- If people aren’t given the opportunity to participate in the development of a solution, implementation will be tepid, misunderstood, and likely on a path to failure.
- A key factor predicting organizational success is the ability to release the vast know-how, goodwill, and energy that exists among employees.
These truths are grounded in the influence of social experience: all employees have needs related to status and self-esteem; all have a wish for some degree of autonomy and control over the direction of their work; all want to feel related to something bigger than themselves; all employees want to be treated fairly.
If leaders choose change strategies that satisfy these needs and engage workers, they will look favorably upon change initiatives and support their implementation. People will support what they help create. This applies to not only the close-in change initiative but also the broader organization.
Change the Way You Change
Most change initiatives are decided by a small group of decision makers and passed along to ‘change management’ to fit the change into the organization. Change managers are well intentioned and informed by useful models, but many operate at a significant handicap. The handicap is the traditional view of change and the lost opportunity to involve people in the process. Change management is a reactive activity that attempts to overcome resistance created by the traditional change process itself.
The process of change matters. At ON THE MARK, we help leaders bring real collaborative change to life. Our core focus is operating model modernization. The real magic, however, is found in the transformation from the current state to future state operating model. This shift is based on a core belief that organizations must deeply involve people in the organization to transform the organization. Outside experts, piecemeal approaches, and the separation of design choices from change activity don’t work for complex change. People will support what they help create if you bring them into the process using real and meaningful methods.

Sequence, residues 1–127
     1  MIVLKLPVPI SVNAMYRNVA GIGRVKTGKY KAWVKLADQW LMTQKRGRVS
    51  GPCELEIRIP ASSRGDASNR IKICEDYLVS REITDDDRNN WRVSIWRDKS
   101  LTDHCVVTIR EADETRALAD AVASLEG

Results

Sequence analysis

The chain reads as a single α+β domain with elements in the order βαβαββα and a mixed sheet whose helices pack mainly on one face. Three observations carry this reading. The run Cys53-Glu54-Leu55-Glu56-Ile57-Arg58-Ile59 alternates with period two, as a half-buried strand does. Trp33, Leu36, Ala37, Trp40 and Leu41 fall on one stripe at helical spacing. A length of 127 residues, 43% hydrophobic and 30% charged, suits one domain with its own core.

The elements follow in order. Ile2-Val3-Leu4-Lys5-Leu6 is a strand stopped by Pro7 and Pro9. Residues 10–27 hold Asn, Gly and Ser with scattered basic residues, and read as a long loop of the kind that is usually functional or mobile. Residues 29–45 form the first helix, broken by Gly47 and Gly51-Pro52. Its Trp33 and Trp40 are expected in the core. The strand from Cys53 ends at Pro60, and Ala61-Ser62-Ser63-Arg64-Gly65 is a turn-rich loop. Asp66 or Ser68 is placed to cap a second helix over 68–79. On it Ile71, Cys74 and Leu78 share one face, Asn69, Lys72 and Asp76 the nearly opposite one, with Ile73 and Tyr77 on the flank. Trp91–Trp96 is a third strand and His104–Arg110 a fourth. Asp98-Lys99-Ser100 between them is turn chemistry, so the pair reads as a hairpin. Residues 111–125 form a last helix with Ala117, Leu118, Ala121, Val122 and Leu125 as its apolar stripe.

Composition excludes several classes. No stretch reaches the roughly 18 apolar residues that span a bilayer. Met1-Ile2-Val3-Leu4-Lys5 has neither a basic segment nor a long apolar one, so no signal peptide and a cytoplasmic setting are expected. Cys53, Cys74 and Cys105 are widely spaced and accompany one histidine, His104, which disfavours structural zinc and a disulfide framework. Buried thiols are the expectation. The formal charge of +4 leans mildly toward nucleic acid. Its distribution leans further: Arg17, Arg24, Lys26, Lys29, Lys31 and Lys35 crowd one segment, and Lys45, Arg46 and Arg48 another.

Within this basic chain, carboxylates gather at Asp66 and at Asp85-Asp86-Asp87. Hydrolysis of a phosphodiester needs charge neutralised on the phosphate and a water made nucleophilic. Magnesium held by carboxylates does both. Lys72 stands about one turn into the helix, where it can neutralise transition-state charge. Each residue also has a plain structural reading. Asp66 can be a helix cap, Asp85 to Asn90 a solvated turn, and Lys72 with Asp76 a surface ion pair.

The Engagement Payoff
Leaders hold the keys and carry the significant responsibility to create an engaged workforce. The first task is making an honest examination of your assumptions about the workforce. As needed, you then change how you approach change. If you involve your people in creating a shared future, then they will care about the organization they’ve helped create and act like its owners. This engagement is something all leaders in complex operating environments must strive to create. Complexity has long surpassed the abilities of top-down direction. Everybody must be involved to their maximum ability to contribute.
The next time you’re looking at a change requirement, remind yourself that, “People support what they help create.” This will set you on the first step of a path to both collaborative change and real employee engagement.
Dan Schmitz: Dan has 16 years of holding various managerial-level positions at Clorox. Prior to OTM, he founded a small consulting firm providing solutions in transformation. Dan also holds an MBA from Kent State University and a master’s degree in Organization Development and Change Leadership from Pepperdine University. He is a Certified Organization Design Practitioner (CODP).